While the latest figures manicured to downplay the problem have associate health minister Jim Anderton, saying the situation has “remained stable” over recent years, the 2005 numbers actually show a slight increase over 2004. They also highlight a disturbing number of Maori ending their own lives and an escalating number of people hospitalised for ‘attempting’ to end their lives.

The two-year old data released in November 2007 for the 2005-2006 year shows the number of Maori ending their lives prematurely has continued to increase at a higher rate than the national average; 17.9 percent as compared to 12 percent. Across the board males in the 15–44 years age group continue to be most at risk. The number of hospitalisations for self harm across all New Zealanders also shows a significant increase, with more young women admitted than males.

Between 2003-2005 a rate of 13.2 people in every 100,000 died by suicide compared to 13.1 deaths per 100,000 people in 2002-2004, a decrease of about 19 percent from the peak of 16.3 deaths per 100,000 in 1996-1998.

Releasing the statistics at the 5th National Suicide Prevention Symposium in Wellington, Anderton said while the number of deaths by suicide had dropped since the peak of the late 1990s there was no room for complacency. “Any suicide remains a serious concern and is a tragedy for family and friends. In 2005, 502 people died by suicide. Those who had particularly high rates were those aged between 15 and 44, along with Mâori and those living in the most deprived areas of New Zealand. Men also had higher rates than women – for every three male suicides there was one female suicide’’. The disparity between Maori and non-Maori deaths had increased over the past nine years.  While the number was down for 2005 the overall rate showed a 5.2 percent increase from 2002-2004 to 2003-2005.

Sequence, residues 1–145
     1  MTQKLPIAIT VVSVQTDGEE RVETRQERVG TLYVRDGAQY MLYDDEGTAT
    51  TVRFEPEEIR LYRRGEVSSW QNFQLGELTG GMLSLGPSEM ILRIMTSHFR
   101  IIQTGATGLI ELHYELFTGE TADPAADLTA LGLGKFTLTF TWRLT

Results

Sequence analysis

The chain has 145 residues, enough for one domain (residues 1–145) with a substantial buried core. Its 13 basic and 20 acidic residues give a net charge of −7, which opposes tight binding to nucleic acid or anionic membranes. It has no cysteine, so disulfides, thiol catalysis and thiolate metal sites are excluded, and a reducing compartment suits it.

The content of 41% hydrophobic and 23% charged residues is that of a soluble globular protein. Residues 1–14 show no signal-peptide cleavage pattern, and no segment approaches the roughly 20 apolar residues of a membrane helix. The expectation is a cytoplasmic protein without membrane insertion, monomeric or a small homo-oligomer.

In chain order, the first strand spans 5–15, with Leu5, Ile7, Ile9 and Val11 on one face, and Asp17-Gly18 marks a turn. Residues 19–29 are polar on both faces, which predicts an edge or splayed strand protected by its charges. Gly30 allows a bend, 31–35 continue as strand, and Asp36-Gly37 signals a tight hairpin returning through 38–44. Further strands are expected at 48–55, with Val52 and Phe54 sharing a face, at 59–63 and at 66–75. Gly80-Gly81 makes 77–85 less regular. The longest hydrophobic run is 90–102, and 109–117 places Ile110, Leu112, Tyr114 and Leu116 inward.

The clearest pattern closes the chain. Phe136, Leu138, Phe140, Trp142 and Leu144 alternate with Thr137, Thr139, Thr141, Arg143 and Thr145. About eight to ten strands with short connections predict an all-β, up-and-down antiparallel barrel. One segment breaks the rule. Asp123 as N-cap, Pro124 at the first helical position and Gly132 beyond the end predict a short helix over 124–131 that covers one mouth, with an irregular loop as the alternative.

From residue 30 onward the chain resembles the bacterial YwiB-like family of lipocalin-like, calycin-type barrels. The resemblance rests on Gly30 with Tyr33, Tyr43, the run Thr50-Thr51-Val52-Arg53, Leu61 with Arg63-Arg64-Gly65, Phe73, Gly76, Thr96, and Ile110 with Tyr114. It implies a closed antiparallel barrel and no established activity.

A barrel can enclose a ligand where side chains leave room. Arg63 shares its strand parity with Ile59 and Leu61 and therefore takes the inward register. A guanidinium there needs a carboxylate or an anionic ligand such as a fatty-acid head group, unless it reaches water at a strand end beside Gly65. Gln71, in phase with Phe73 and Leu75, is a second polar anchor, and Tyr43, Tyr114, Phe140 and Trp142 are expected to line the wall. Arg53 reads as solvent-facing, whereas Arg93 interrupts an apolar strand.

In 2006 there were 5400 hospitalisations (151.7 hospitalisations per 100,000 people), a 7.5 percent increase on the previous year when there were 4992 hospitalisations. “What we do know is more females are admitted to hospital for self-harm than males – in 2006 there were two females admitted for every male. Mâori are nearly 1.5 times more likely to be admitted than non-Mâori and those who self-harm tend to be aged between 15 and 24,’’ said Anderton.

Although New Zealand young people continue to have a high rate of suicide internationally, 80 percent of New Zealanders of those who died by suicide in 2002 were aged 25 years or older. This is the reason given for a change in emphasis from 2005, extending New Zealand's youth suicide prevention strategy into an all-ages strategy. This however also made it difficult to continue tracking what was happening to the youth numbers as the figures the 15-24 years age bracket were no longer broken out for comparison. Nor was it easy to compare the number of young people being admitted to hospital for self harm.